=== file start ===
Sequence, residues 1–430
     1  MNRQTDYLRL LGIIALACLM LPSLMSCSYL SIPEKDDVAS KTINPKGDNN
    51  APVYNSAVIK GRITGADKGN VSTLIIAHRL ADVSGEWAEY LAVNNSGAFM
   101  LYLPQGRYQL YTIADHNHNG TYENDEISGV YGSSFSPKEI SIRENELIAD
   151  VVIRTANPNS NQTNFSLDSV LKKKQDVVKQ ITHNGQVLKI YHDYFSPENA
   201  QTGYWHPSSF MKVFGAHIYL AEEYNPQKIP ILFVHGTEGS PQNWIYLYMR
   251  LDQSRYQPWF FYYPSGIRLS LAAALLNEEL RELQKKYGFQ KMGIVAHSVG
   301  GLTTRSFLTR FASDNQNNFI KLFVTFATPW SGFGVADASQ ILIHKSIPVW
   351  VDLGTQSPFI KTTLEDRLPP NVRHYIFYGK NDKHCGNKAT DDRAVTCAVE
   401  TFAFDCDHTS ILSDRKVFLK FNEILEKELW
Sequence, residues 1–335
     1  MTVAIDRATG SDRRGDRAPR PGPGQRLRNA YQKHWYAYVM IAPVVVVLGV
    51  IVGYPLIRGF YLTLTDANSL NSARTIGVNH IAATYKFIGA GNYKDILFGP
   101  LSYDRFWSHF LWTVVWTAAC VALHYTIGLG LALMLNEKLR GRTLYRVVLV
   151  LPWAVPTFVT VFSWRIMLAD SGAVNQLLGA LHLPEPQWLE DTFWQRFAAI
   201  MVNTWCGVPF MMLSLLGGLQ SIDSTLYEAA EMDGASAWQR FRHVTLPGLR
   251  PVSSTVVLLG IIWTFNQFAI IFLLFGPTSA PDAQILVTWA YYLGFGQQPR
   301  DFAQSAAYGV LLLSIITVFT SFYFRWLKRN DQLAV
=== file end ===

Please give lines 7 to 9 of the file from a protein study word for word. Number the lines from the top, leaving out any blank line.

   251  LDQSRYQPWF FYYPSGIRLS LAAALLNEEL RELQKKYGFQ KMGIVAHSVG
   301  GLTTRSFLTR FASDNQNNFI KLFVTFATPW SGFGVADASQ ILIHKSIPVW
   351  VDLGTQSPFI KTTLEDRLPP NVRHYIFYGK NDKHCGNKAT DDRAVTCAVE